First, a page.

The headline says it all, I think. Comcast did what they did in secret, denied it when confronted, and furthermore tried to cover it up when it was exposed. Why did they do it in secret, and deny it when they were confronted? Because they knew it was wrong. It really is that simple.
But we can’t ignore those, who, like Ed Felten uncovered the truth about what Comcast was doing, and further publicized it so quickly. Another data point in how wrong folks like Andrew Keen are, perhaps?
Ed Felten notes the lack of honesty by Comcast, and the fact that their measures were very specifically targeted at certain protocols:
Comcast Blocks Some Traffic, Won’t Explain Itself
October 23rd, 2007 by Ed Felten
Comcast’s apparent policy of blocking some BitTorrent traffic, which has been discussed on tech sites [example] for months, has now broken out into the mainstream press. Comcast is making things worse by refusing to talk plainly about what they are doing and why. (This is an improvement over Comcast’s previously reported denials, which now appear to be inconsistent with the facts.)
To the extent that Comcast has explained itself, its story seems to be that it is slowing traffic from heavy users in order to keep the network moving smoothly. This would be a reasonable thing for Comcast to do (if they were open about it) — but it’s not quite what they’re actually doing.
For starters, Comcast’s measures are not aimed at heavy users but rather at users of certain protocols such as BitTorrent. And not even all users of BitTorrent are targeted, but only those who use BitTorrent in a particular way: uploading a file to non-Comcast users while not simultaneously downloading parts of the same file. (In BitTorrent jargon, this is called “seeding”.) To get an idea of how odd this is, consider that an uploader who is experiencing blocking can apparently avoid the blocking by adding some download traffic.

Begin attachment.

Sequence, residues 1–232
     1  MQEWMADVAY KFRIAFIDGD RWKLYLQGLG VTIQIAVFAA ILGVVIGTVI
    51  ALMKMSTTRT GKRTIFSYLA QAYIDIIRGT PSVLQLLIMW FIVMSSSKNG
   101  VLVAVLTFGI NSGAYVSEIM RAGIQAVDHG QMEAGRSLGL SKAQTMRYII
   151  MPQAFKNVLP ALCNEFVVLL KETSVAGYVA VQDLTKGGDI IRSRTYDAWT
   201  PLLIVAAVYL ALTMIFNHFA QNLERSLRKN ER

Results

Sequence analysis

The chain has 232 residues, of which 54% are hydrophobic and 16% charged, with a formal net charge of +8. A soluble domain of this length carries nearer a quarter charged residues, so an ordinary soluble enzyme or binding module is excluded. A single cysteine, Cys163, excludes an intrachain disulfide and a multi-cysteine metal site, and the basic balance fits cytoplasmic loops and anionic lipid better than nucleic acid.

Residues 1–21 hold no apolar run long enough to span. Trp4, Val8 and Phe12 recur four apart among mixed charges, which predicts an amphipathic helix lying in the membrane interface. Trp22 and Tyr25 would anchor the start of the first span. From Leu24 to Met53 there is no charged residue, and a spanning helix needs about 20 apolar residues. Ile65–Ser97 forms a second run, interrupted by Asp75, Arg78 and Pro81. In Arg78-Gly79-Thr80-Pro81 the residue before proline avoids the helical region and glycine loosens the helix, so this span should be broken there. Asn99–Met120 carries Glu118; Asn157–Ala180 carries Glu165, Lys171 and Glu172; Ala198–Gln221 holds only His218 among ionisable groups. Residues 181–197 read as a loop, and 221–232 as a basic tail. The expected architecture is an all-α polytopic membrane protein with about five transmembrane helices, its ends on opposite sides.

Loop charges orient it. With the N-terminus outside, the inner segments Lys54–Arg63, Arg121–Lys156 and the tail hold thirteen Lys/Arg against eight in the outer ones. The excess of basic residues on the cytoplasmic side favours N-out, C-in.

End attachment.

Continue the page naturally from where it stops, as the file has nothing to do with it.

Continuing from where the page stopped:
Ed further notes the technical details of this interference, and how Comcast is interfering directly, in a very non-neutral way with a specific protocol:
There are well-established mechanisms for dealing with traffic congestion on the Internet. Networks are supposed to respond to congestion by dropping packets; endpoint computers notice that their packets are being dropped and respond by slowing their transmissions, thus relieving the congestion. The idea sounds simple, but getting the details right, so that the endpoints slow down just enough but not too much, and the network responds quickly to changes in traffic level but doesn’t overreact, required some very clever, subtle engineering.
What Comcast is doing instead is to cut off connections by sending forged TCP Reset packets to the endpoints. Reset packets are supposed to be used by one endpoint to tell the other endpoint that an unexplained, unrecoverable error has occurred and therefore communication cannot continue. Comcast’s equipment (apparently made by a company called Sandvine) seems to send both endpoints a Reset packet, purporting to come from the other endpoint, which causes both endpoints to break the connection. Doing this is a violation of the TCP protocol, which has at least two ill effects: it bypasses TCP’s well-engineered mechanisms for handling congestion, and it erodes the usefulness of Reset packets as true indicators of error.
Certainly, this discriminates against those who want to use Bit torrent to distribute (or get) stuff, and one of the methods that linux distributions use to distribute stuff is Bit Torrent. If fact, Bit torrent was the only way to get the SuSE 10.3 DVD’s, before the final edition was pressed and made available through retail channels. This post, in fact, is being written on a computer running SuSE 10.3 Release Candidate 1, DVD install and the only way to get is Bit torrent.
Certainly some who distribute linux do so in order to dismantle the oppressive and highly centralized power structures that have arisen around monopoly software companies, companies which effectively have declared war on the first amendment. So Comcast and those Corporate Power advocates should not be surprised when people are outraged. We like our First Amendment.
It is obvious that those who have worked hard to uncover the truth about what Comcast are heroes, and have been critical in the process which has resulted in energizing deeply the net neutrality movement.